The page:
Michelle Flynn is an Irish barrister and a Research Fellow at the Max Planck Institute for Social Anthropology in Germany. She is currently a Visiting Researcher at Yale Law School in the United States. Michelle is a 2019 alumna of the ICLRS Religion and the Rule of Law Young Scholars Fellowship Program.
This post by Azizat Omotoyosi Amoloye-Adebayo is reprinted with acknowledgment of its original publication in the Blog of the Institute for African Women in Law. Dr. Amoloye-Adebayo is a member of the Faculty of Law, University of Ilorin, Nigeria and a barrister and solicitor of the Supreme Court of Nigeria. She was a member of the International Center for Law and Religion Studies’ Young Scholars Fellowship on Religion and the Rule of Law class held at Christ Church, Oxford, UK, in 2019. The views expressed in this entry belong solely to the author.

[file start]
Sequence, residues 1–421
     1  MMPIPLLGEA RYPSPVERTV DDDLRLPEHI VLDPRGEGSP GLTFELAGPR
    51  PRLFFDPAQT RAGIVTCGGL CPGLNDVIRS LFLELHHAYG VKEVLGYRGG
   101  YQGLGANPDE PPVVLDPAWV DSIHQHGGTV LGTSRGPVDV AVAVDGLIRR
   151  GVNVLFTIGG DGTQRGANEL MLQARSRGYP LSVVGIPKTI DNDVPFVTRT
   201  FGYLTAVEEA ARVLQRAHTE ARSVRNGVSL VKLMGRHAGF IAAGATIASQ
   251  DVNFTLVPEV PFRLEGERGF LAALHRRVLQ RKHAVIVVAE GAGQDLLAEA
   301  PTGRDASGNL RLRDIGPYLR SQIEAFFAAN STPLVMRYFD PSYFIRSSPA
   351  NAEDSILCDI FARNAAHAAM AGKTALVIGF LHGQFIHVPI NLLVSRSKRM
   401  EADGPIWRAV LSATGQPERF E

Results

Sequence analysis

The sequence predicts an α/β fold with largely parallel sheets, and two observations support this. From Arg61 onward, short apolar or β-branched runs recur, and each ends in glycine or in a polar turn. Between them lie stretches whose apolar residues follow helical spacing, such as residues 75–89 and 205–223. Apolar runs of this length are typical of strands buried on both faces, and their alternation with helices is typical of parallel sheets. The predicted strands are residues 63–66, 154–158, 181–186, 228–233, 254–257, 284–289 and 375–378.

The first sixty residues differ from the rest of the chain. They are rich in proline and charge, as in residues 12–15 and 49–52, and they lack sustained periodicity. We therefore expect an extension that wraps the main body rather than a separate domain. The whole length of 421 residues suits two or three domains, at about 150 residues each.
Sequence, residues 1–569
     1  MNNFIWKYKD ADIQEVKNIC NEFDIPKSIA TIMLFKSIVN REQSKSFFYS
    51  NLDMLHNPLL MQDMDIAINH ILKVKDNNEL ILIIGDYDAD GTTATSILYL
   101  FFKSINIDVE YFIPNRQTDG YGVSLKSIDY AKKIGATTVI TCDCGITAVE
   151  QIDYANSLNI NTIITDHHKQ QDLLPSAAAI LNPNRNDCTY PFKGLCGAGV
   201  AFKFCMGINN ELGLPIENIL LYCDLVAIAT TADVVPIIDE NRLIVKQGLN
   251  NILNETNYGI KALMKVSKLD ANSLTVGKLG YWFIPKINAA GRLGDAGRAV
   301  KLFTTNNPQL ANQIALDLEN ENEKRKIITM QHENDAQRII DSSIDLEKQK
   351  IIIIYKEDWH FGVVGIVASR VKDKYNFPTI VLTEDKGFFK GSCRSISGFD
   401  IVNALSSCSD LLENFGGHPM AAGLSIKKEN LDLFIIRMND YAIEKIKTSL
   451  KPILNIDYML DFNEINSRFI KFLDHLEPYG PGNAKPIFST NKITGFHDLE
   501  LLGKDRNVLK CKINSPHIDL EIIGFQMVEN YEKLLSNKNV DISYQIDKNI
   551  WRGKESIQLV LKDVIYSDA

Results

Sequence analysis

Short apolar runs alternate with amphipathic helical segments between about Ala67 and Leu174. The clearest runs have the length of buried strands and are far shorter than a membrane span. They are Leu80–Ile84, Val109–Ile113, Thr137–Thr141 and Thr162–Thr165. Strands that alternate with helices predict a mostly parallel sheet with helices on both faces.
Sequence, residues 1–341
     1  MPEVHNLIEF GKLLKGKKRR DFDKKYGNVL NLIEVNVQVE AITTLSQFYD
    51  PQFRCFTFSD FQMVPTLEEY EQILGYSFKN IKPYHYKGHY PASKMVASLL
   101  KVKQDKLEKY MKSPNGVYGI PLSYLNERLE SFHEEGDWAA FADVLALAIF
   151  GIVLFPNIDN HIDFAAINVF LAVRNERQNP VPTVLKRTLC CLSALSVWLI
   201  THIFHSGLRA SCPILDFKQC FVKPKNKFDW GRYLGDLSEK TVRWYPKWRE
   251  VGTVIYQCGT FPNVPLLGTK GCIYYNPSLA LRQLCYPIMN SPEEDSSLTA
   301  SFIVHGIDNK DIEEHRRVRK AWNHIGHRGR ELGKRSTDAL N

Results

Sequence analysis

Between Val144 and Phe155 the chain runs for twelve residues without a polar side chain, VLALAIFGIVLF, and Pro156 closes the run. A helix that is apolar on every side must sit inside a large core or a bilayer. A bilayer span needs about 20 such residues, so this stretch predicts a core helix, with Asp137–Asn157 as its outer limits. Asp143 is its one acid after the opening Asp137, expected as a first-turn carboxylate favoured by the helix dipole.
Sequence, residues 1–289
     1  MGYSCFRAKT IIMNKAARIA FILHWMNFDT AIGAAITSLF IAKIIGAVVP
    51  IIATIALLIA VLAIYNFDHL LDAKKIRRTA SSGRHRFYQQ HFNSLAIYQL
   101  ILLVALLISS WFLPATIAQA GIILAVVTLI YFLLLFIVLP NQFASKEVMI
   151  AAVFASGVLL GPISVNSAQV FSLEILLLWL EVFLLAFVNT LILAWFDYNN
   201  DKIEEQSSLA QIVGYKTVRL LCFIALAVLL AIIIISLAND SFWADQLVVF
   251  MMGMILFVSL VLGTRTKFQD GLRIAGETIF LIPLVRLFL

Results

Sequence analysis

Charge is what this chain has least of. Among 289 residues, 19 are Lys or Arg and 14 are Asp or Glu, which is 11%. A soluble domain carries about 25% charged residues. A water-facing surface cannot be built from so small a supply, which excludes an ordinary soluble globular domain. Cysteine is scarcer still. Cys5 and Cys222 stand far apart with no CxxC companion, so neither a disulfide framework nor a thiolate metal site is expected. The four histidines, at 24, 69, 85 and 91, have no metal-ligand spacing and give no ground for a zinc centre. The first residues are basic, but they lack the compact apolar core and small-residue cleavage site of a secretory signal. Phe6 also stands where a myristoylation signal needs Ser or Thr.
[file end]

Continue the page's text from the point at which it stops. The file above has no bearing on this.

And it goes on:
What happens when the “private” space becomes the “public” and ‘only’ professional space?
On February 27, 2020, the UN Special Rapporteur on Freedom of Religion or Belief released a new report dedicated to the interplay between religious freedom and gender equality. In this report the Rapporteur addressed gender-based violence and discrimination in the name of religion or belief.
Talk About: Law and Religion asked scholars and lawyers representing academic and human rights institutions from the United States, Spain, Turkey, and Germany to reflect on this report by analyzing its achievements and its most controversial points. While each contributor welcomes and appreciates efforts from the UN Special Rapporteur to combat harmful practices (e.g., FGM, gender violence, forced marriages, or depriving women and girls from education etc.), most also criticize some of the approaches reflected in the report, such as the report’s conception of the nature of religious freedom and religious autonomy. They also call for more nuanced discussions, both theoretical and policy-oriented, as a precondition for advancing both the freedom of religion or belief and non-discrimination as mutually reinforcing rights rather than mutually exclusive rights.